Review by Win Wiacek
It’s a bumper time if you have kids who love the grimmer side of storytelling. Here’s a superb slice of macabre all-ages Euro-whimsy, courtesy of the wildly talented and incredibly prolific Stéphane Blanquet.
Do you remember the heart-wrenching scene in the 1964 stop-motion television classic Rudolph, the Red-Nosed Reindeer when he finds the Island of Misfit toys? Do you recall how all they wanted was children to love them? Hold on to that thought…
At a Halloween fancy-dress party a disgruntled little boy is sulking. In his heart he’s a vicious pirate king, but his cheapskate mother would only pay for a pink bunny costume nobody else wanted. As the other kids tease and bully him, he retreats to a corner where he meets a geeky kid in a chicken suit.
Poultry boy has a broken leg and a raging thirst, but his friend – a girl in a kitten outfit – has been down in cellar fetching drinks for ages. After some pleading, Pink Bunny, keen to avoid further embarrassment, or to be seen with a nerd dressed like a chicken, goes after her.
At the bottom of the stairs he finds her paralysed with fear: the basement is filled with maimed and broken toys, alive, angry and determined to wreak bloody vengeance on the cruel children who maltreated and abandoned them. Luckily, because of their stupid outfits, the toys assume the kids too are dolls, because if they were real children…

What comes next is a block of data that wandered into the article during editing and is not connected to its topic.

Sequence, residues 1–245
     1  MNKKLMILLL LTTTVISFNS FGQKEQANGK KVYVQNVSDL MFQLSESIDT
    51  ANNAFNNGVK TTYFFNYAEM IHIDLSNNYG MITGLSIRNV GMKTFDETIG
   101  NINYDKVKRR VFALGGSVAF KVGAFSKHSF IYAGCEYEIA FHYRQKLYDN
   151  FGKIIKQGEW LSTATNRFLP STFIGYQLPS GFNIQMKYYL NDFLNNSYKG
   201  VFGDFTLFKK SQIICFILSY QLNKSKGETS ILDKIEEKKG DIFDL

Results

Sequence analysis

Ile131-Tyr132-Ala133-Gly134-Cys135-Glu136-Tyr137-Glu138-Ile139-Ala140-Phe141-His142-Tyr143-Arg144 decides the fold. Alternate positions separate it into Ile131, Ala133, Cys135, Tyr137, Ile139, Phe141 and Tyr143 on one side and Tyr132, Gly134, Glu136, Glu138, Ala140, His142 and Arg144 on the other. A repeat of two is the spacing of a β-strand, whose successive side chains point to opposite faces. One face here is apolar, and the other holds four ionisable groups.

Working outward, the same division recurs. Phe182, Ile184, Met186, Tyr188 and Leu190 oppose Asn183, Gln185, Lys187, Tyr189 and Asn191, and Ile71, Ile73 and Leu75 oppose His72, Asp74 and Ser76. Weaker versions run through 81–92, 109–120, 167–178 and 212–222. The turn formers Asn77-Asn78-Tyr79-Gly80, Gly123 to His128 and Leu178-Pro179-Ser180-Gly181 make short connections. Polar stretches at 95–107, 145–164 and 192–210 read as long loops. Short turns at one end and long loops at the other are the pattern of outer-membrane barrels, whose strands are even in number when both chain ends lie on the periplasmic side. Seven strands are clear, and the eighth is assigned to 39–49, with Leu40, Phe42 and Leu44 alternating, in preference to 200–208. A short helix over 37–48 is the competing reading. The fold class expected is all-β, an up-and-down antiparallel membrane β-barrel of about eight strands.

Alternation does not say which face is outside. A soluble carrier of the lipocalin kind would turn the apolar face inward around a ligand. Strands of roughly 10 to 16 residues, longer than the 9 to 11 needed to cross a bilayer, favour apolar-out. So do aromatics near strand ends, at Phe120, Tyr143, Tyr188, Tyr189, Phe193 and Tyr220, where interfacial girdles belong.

Playing for time, Catgirl and Bunnyboy follow the maladjusted playthings to a vast underground cavern where all broken toys are massing, readying for the day they will rise and take over. The children gasp in horror at the artificial army’s secret weapon – a gigantic ravenous Frankensteinian beast named Amelia, cobbled together from thousands of discarded toy fragments, all hungry for righteous slaughter.
Dosed with dry, mordant wit and just the right tone of macabre Ghost Train suspense, Toys in the Basement is a simply terrific goose-bumpy thriller rendered magical by the wildly eccentric, brilliantly imaginative and creepily fluid artwork of Blanquet. This dark delight, sadly only available in physical hardback form, also has the perfect moral message for loot-hungry, attention-deprived youngsters – and their kids and grandchildren too.